One pillar of old Japan that Ozawa vowed to reform is the press club system. His own press conferences have been open for 20 years to everyone who wants to attend. "I think that is one of the original reasons why they started calling me a criminal," he said. The press club system is a cartel-like arrangement of closed clubs attached to government institutions through which a dozen "member" news organizations regulate coverage of press events. As a rule, most of them prohibit non-members (including other journalists) from attending press conferences and asking questions.

One result of this system has been that the public prosecutors could avoid being quoted by name when commenting to the news organizations about the allegations against Ozawa. Critics also say the daily newspapers took most allegations against Ozawa at face value, while they remain unproven.

Tsunehiko Maeda, the 43-year-old top prosecutor who built a case against Ozawa's chief accountant in 2009, was indicted and fired in October last year after it came to light he had fabricated evidence. So far the newspapers have failed to press the public prosecutor's office on whether or not Maeda committed a similar crime against Ozawa's aide, or for a new investigation.

Last week, Ozawa announced his intention to testify before a parliamentary panel about the allegations against him. It was the latest chance for the newspapers to give Ozawa a drilling through reportage, anonymous editorials and point-of-views representing citizen's voices.

"On the subject of money and politics, former DPJ president Ichiro Ozawa has apparently made up his mind to appear before the Lower House Deliberative Council on Political Ethics," wrote the Asahi Shimbun on December 29. "He must have calculated the pros and cons in reaching a decision, but why did it take so long?"

"The wily veteran showed that he still must have a few tricks up his sleeve," said another Asahi article from the same day. The Asahi Shimbun could not be reached for comment by Asia Times Online due to a New Year's holiday.

Ahead of its election victory, Minshuto pledged to end the press club system and open press conferences to journalists who do not belong to major news organizations. Even freelance journalists have started attending press conferences. But the party also pledged an end to cross-ownership of broadcasters and newspapers and an open auction system to sell broadcast frequency rights - it has so far failed to make good on this promise.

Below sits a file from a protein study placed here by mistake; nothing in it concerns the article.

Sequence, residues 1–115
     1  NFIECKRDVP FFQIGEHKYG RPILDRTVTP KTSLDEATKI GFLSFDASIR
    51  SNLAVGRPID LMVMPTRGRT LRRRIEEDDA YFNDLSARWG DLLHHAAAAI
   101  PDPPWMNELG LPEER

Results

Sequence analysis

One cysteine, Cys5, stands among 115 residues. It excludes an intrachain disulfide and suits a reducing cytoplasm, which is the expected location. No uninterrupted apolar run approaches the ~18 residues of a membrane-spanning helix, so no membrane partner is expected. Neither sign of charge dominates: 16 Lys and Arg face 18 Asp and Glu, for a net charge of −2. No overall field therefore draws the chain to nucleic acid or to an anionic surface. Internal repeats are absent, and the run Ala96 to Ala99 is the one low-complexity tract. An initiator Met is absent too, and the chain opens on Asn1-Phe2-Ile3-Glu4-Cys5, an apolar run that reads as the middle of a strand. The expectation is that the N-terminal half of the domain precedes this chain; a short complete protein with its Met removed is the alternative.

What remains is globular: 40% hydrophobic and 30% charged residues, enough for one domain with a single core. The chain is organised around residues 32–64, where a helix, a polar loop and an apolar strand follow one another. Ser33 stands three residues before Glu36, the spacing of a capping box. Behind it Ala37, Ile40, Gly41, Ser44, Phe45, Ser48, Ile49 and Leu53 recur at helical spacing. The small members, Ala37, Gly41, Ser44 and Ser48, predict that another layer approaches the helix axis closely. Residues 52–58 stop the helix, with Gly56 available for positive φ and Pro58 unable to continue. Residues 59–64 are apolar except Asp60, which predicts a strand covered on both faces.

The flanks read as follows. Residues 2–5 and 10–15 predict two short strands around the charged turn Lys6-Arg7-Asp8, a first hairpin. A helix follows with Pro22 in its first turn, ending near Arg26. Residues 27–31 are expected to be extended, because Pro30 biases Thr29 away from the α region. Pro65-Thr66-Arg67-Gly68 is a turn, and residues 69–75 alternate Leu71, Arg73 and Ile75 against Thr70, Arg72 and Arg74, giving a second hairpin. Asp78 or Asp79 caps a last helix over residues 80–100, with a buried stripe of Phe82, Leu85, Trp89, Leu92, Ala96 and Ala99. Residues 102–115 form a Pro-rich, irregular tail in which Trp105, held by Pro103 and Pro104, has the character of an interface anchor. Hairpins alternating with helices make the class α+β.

"The problem is that citizens expected a more drastic political shift after the change of government [to Minshuto in 2009]," said Akira Uozumi, author of numerous books on scandals involving politicians, the public prosecutor's office and the news media. "The biggest reason [for the lack of change] is perhaps Ozawa's exclusion from the government."

Members of the public have made their sentiments clear, with around 2,500 Japanese from all walks of life recently holding marches in Tokyo against the news media and the public prosecutor's office. The march was organized through blogs and Twitter. Similar events against "Ozawa-bashing" were held in Osaka, Nagoya, Fukuoka and Niigata, but ignored by newspapers and television broadcasters.

"One element of the news media is bringing Japanese society back to a condition like in the Second World War," said Sadao Hirano, an Ozawa confidant, during an interview. "The news media suffer from the economic recession, but they have not reformed their own business models hard enough. They hang on to vested interests obtained under previous Japanese governments."

Daniel Leussink is a Dutch journalist in Tokyo, Japan. His website is www.danielleussink.com.

(Copyright 2011 Asia Times Online (Holdings) Ltd. All rights reserved. Please contact us about sales, syndication and republishing.)